Packing for a cruise is a double-edged sword. On the positive side, there is no limit to how much one can bring. On the negative side, there is no limit to how much one can bring! I have seen people take a two-month cruise with as little as two garment bags and an overnight case, and I have seen passengers with 20 bags of various sizes.
So how does one decide? The first stop is to learn how much storage your suite has available, and storage is the topic of today’s blog. I also want to introduce myself as a member of Ken’s team. My name is Susan, but my husband calls me The Queen of Packing, so hopefully I can offer some useful suggestions.
I always call Guest Services before traveling and ask for the exact number of shelves, cupboards, closets and drawers in my stateroom. In planning for an upcoming World Cruise, I have asked for the precise dimensions of the closets since four months traveling through all the seasons requires many outfits
With that information in hand, I head off to a place like Bed, Bath and Beyond or the Container Store to purchase over-the-door clear plastic shoe bags—these hang by hooks over the top of a door. It is amazing how useful these bags are. Small cameras, suntan lotion, insect spray, bandages, sunglasses, nail polish, pens and pencils, scissors, smart phones, the refrigerator magnets I can’t resist buying –even shoes if necessary: each one has a place in one of these shoe bags. If you are doing your own laundry on the ship, dryer softener strips will fit quite nicely in a pocket.
I also purchase one or two hanging sweater shelves that are held in place by Velcro over a closet hanger rack if I need extra shelving for sweaters, shoes, hats, etc. Both types of storage units are clever items to bring because the space they take up in suitcases before the voyage can later be filled with purchases on the return home! I try to leave the shelving on the ship—if I have room to repack it, I have not done a good enough job shopping!!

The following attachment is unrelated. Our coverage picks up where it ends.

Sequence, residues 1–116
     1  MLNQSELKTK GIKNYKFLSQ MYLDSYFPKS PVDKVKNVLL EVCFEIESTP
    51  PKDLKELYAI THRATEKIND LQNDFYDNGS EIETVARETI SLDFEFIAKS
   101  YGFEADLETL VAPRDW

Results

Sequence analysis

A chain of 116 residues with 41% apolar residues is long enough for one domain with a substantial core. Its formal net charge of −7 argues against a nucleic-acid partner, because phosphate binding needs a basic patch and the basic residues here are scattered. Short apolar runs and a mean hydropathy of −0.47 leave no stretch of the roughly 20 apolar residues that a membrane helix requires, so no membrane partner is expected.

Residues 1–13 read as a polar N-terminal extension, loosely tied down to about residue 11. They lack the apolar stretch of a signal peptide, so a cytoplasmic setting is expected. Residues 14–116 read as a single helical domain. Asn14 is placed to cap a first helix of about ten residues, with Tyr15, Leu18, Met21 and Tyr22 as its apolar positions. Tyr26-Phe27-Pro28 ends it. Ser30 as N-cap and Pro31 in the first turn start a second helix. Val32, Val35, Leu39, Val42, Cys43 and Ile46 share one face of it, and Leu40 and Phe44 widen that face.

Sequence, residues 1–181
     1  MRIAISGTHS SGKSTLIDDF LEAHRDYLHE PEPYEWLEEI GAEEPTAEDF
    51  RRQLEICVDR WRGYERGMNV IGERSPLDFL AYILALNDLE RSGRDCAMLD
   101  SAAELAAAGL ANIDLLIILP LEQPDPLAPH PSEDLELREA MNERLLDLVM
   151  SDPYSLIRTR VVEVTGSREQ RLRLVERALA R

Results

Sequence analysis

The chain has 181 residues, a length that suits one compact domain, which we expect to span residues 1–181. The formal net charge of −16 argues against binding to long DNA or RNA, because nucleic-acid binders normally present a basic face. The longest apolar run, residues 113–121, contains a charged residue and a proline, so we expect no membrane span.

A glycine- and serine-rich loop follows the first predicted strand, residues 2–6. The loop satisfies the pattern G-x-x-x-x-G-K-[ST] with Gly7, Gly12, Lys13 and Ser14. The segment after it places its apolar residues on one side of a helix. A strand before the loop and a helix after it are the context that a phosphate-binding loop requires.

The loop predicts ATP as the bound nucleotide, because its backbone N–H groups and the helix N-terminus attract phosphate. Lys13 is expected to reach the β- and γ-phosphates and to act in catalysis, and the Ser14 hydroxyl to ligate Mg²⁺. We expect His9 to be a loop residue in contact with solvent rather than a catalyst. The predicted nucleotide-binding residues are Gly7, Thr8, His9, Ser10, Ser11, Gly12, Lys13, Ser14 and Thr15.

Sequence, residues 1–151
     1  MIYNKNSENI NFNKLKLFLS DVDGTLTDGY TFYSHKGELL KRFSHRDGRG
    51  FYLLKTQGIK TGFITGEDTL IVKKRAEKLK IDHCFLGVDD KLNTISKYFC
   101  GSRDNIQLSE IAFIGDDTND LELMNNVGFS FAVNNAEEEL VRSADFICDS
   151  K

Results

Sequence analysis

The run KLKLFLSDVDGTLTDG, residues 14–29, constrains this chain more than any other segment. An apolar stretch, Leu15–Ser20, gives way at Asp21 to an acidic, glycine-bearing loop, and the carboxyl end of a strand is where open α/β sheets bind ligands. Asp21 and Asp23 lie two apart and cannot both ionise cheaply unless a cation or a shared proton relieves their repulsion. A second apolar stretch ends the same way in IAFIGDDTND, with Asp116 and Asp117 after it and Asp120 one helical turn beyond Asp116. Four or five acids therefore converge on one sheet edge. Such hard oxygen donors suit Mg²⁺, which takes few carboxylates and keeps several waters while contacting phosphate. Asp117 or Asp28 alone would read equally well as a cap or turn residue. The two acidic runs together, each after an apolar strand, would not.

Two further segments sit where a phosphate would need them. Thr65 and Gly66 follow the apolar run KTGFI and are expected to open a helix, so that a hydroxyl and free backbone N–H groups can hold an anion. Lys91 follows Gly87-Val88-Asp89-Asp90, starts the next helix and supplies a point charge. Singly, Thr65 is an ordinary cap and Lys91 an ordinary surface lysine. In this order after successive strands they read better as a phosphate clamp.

Then there are other important items to bring along, especially for longer voyages. Chief among these is a roll of humble masking tape. Masking tape has a myriad of uses, from being a temporary ‘thread’ for a danglng hem, to sealing around the caps of shampoo or perfume bottles that have a tendency to leak.
Plastic baggies of various sizes are useful as well. Let’s be frank—there is always the temptation to pack up a little snack, and these are perfect for that. Also, for the occasional chocolate bar, piece of fruit or other food item purchased ashore, they are handy to store the remains and leftovers. The last bit is important, since most ports insist ship’s food not come ashore, but there is no prohibition against purchasing and eating food actually bought ashore. (Nonperishable food can usually be brought back onto the ship.) I will also put coin and paper currency for each country into them to keep in the safe.
Compression bags that will pack flat when the air is squeezed out of them are useful, especially if bringing several sweaters as their volume can be reduced by up to 75%.
While you might be aware of some or all of the above, here is one tip maybe you don’t know. I carry a container that once held Altoids or something similar. I keep all but one credit card in it—nobody will ever reach into a purse or carry-on to steal breath mints.
I have reached the end of today’s space without clothing suggestions, so that will come at a later date. If you have questions about this or any other topic where I can be of assistance, please ask.